UDL IN THE DIGITAL AGE DIVIDE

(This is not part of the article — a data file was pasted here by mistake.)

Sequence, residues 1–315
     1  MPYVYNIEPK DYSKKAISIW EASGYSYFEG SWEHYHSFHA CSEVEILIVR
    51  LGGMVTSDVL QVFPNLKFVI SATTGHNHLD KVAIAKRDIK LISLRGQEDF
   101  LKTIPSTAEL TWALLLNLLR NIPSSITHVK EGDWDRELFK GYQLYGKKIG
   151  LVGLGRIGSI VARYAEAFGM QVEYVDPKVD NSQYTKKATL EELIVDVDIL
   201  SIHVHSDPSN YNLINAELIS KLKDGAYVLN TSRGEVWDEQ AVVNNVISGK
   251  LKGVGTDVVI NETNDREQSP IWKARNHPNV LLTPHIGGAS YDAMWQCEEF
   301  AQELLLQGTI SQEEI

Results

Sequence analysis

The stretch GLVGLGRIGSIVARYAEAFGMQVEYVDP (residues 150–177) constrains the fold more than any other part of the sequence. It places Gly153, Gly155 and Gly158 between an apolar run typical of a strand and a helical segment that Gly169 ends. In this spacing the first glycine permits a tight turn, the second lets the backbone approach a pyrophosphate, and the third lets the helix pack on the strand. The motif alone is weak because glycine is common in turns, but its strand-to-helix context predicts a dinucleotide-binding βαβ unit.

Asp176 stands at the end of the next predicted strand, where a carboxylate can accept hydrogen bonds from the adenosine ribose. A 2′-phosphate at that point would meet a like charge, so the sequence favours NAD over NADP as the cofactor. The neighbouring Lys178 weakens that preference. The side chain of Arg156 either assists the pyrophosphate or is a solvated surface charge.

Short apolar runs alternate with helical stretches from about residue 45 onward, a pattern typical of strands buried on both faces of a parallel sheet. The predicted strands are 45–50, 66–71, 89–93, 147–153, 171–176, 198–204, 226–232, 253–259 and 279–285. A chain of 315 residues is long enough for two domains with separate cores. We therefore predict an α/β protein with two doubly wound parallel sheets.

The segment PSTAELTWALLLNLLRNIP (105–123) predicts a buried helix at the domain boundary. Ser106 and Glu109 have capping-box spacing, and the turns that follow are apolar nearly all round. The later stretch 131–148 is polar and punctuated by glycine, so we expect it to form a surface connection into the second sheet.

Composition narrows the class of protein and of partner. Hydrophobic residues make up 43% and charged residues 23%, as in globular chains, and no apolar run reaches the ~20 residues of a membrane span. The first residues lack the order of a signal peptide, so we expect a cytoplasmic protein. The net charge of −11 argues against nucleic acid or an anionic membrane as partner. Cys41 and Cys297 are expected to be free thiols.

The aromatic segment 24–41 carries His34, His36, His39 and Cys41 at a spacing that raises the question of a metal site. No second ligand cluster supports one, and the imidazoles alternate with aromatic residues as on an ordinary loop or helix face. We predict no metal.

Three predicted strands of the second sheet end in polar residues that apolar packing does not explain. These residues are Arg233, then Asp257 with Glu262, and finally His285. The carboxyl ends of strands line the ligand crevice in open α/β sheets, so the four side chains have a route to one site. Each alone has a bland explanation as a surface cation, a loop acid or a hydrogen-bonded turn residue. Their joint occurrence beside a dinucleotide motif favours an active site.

Students with disabilities access the regular classroom curriculum through Universal Design for Learning (UDL), which provides assistive or adaptive technology to address their needs. UD became a federal law in the late 1900s (U.S.C. § 3002), so the 21st century global and diverse population of students experienced curriculum change to accommodate their needs that the generalized educational practice did not meet (Orkwis & McLane, 1998; Rose & Meyer, 2000). UD made classrooms accessible to diversity thanks to the works of Piaget, Vygotsky, Bruner, Ross, Wood, Bloom and modern neuroscience that opened the doors to new researches (CAST, 2011). The last fifty years of AYP has maintained a constant underperforming pattern in regard to special needs, culturally diverse, and students of poverty (Edyburn, 2010). Special needs students cannot take advantage of mobile devices apps, considered by UD as a tool only, not as a learning device. Boone & Higgins shows the flexibility of iPhone apps allows disabled learners to reach out to meet their specific accommodations interacting with learning activities (2016). Educators must identify what is UD in the learning context to maximize the performance of the needed student rather than measuring learning outcomes from interventions that ultimately focus on products that don’t specifically address the learning needs of disabled students (Edyburn, 2010). Boone & Higgins argue that smart technology globalized connectivity and interaction also changed the instructional design from the individual aspect of diversity, culture, and knowledge level (2016). Educators argue that the goal is to keep simple by applying strategies and materials that allow students to access with the devices and apps they know best (Boone & Higgins, 2016, Madea, 2006, and Gould, 2012). iPhones and iPads’ learning apps are considered engaging tools to learn by UD, but their controversial researches do not find achievement statistically significant when measuring students’ outcomes from learning activities derived from iPhones and iPads. These mobile devices cannot be separated from apps and learning contents interactivity, offering diverse media capability to improve needed students’ performance and help close the achievement gap in AYPs. It is difficult to challenge UDL’s remaining curriculum goals, assessments, media, materials, and methods. Digital technology is not in the UD curriculum but treated as an assistive/adaptive tool only (Boone & Higgins, 2016). However, mobile learning in education has evolved in classrooms; it fosters learning opportunities for impoverished kids, build skills needed for communication and collaboration, and allows for personalized learning targeting for the specific needs of a learner (Johnson, Levine, & Smith, 2009, Shuler, 2009). The number of interactive touch screen devices such as iPads and iPhones are rapidly growing (Radesky, Schumacher, & Zuckerman, 2015; Cristia, & Seidl, 2015), and becoming ubiquitous in the lives of early childhood classroom and homes (Verenikina & Kervin, 2011). iPhones and iPads offer children anytime, anywhere learning (Radesky, Schumacher, & Zuckerman, 2015; Brand & Kinash, 2010). Already benefitting millions of users worldwide, digital apps feature dictation, predictive text, translation, GPS, interactive math, video creation, interactive literature, digital data and citation, graphing, and virtual fieldtrips are some learning apps addressed in this study.